For a moment it is as if we have stepped back in time, because suddenly there is conductor Marc Albrecht on the stage again, with his characteristic conducting style, the athletic way in which he bends his knees when he wants the orchestra to play softer, the approving thumb which he subtly raises to an instrument group. Like he never left.
Marc Albrecht (Hannover, 1964) was chief conductor of Dutch National Opera and NedPhO between 2011 and 2020. He was hired after making an indelible impression with Strauss’ Die Frau ohne Schatten. He would conclude his Amsterdam period with the same opera, before passing the baton to Lorenzo Viotti. But the first corona lockdown prevented that series of performances, so that Albrecht’s farewell was limited to one concert in the Concertgebouw with thirty musicians who sat one and a half meters apart, for a handful of listeners.
This week Albrecht is rehearsing Konigkinder by Engelbert Humperdinck. The fairytale opera had its premiere in New York in 1910 and is now staged in Amsterdam under the direction of Christof Loy. It is the first time that the singers and orchestra members come together. Once the orchestra is playing, Albrecht barely interrupts them. As the morning progresses he notices things like: „Not espresso there, rather contemplativo”, but the orchestra has to make do with its body language.
They play the first act. A goose girl lives with a witch (sung by Albrecht himself for the occasion; the singer is recovering from corona), but then a king’s son comes into her life dressed as a tramp. It’s a fairy tale, so they fall in love. In the NedPhO dome, King’s son tenor Daniel Behle at first stands casually with his hands in the pockets of his gray hoody, but gradually his sultry love song is carried away by his role and eventually he even jumps with delight. “It’s an endless legato!” Albrecht insists. The seduction game, in which they almost kiss but just barely, gets so high that the goose girl’s garland breaks. Then at the beginning of the twentieth century, Freud’s heyday, everyone immediately knows what time it is. „We are now incredibly together, but also irrelangam,” says Albrecht with a grin to his singers. “That was zauberhaft!”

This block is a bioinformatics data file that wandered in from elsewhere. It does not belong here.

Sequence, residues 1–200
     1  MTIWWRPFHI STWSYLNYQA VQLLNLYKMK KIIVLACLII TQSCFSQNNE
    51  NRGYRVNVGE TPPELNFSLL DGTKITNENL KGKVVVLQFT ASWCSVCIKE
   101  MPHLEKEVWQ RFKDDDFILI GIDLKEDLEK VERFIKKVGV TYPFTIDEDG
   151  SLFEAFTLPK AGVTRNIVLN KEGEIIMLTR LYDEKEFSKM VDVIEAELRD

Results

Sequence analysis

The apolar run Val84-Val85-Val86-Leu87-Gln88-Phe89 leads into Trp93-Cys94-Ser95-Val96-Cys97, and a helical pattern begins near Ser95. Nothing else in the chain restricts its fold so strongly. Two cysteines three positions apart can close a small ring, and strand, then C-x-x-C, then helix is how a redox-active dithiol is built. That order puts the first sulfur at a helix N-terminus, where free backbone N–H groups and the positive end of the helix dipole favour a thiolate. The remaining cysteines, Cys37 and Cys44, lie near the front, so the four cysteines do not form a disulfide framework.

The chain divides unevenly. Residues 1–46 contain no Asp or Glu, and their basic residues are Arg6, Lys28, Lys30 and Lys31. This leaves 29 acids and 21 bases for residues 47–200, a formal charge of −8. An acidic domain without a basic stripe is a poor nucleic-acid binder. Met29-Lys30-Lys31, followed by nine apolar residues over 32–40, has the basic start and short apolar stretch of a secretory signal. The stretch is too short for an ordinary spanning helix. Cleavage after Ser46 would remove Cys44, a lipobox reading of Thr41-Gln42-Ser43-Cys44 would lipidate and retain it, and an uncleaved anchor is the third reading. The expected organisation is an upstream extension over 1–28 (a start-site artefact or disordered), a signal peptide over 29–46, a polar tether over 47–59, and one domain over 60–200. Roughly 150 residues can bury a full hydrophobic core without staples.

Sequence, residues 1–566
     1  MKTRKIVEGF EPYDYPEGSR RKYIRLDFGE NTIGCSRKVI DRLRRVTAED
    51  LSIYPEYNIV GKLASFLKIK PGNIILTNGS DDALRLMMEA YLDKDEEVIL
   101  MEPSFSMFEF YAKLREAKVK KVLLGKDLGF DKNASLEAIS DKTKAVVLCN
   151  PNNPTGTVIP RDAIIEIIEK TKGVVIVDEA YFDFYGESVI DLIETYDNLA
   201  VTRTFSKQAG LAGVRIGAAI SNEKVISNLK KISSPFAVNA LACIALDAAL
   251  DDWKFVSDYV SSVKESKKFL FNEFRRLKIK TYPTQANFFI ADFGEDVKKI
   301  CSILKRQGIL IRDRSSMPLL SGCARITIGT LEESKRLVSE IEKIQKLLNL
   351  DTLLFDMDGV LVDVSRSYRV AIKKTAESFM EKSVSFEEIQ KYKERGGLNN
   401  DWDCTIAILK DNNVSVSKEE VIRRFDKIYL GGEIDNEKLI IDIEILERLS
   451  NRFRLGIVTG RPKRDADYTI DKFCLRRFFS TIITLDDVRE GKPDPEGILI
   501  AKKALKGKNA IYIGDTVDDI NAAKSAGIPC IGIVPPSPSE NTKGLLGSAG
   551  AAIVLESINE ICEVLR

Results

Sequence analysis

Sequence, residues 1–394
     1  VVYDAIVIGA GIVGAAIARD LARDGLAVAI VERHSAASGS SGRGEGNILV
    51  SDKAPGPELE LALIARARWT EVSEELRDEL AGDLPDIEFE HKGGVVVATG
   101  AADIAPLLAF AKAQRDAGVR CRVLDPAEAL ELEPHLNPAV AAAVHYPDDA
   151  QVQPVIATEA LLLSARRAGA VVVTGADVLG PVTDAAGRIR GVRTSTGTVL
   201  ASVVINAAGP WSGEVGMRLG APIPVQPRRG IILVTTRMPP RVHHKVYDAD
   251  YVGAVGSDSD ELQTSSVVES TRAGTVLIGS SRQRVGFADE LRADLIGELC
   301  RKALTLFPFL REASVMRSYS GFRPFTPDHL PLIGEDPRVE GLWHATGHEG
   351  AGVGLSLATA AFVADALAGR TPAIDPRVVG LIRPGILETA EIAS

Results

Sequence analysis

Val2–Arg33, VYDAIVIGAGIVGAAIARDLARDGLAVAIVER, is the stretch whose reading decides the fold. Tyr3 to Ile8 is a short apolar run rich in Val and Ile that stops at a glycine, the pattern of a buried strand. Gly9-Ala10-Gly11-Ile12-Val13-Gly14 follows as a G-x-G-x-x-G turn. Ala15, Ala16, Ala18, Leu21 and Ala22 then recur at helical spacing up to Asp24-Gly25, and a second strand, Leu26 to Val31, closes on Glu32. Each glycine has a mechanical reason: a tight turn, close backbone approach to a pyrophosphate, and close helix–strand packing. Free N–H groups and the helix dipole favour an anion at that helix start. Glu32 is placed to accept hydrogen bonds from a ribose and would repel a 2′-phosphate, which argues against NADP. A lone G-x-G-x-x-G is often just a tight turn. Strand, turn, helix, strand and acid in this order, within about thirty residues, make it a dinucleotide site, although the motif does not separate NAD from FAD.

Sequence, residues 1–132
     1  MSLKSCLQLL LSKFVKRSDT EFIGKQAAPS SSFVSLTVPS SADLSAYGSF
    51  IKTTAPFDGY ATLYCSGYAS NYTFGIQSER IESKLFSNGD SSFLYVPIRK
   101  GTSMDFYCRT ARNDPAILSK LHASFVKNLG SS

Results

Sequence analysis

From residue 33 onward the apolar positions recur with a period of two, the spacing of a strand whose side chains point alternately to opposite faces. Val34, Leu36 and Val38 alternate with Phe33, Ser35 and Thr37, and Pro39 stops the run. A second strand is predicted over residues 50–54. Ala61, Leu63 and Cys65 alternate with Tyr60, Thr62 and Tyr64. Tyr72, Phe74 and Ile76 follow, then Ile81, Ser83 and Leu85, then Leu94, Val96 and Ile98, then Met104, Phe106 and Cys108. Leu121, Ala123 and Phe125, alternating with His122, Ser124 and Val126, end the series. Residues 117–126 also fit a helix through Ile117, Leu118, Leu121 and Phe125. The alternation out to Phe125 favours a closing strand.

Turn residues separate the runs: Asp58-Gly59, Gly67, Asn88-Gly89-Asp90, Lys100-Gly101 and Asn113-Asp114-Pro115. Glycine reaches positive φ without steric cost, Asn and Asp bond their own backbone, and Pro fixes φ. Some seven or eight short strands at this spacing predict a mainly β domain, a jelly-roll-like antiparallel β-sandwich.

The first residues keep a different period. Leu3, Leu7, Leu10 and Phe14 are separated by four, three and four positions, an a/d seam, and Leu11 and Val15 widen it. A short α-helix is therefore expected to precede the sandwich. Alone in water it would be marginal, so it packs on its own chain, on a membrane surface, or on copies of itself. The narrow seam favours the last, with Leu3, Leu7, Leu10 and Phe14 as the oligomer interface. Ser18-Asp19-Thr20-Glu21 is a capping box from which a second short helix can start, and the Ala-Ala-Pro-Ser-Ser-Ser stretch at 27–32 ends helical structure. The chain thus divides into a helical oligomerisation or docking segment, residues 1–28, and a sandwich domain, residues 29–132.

When we sit in the remarkably unglamorous DNO conductor’s room after the rehearsal day (“I think that little gray fridge has been there as long as I’ve been here”), Albrecht smiles ominously at the comment that things seemed to be going very well that morning. the rehearsals.
Or did I misread your body language?
“It kept getting better. NedPhO is used to reacting quickly, often without using words, which is great.”
We speak a mix of English and German. Albrecht can read Dutch, but his knowledge has declined too much for speaking – although he does occasionally throw in a Dutch word: “To be back is really a present.”
“It’s like I never left. And that’s great, because we can easily pick up the thread again. It feels like yesterday.”
Can you notice the musical influence of your successor in the orchestra?
“There are a few new key players, they are very good. That’s the biggest difference. Furthermore, the orchestra plays as flexible and beautiful as always. Lorenzo Viotti tends to a slightly different repertoire, but I can’t say that anything remarkable in the sound of the orchestra is changing, not yet, and I’m happy about that, haha.”
The journey you go through in ‘Köningskinder’ is extremely intense
You don’t want your estate to end as soon as you walk out the door.
“Ah, I think a new conductor can only add something to the spectrum. I’m really looking forward to the fact that we Die Frau ohne Schatten if everything goes through, still going to perform.”
So this is not a belated goodbye, but a continuation of the collaboration?
“Sure, that was always the plan. I am also so happy to be back in the city, in Amsterdam, I was so happy here.”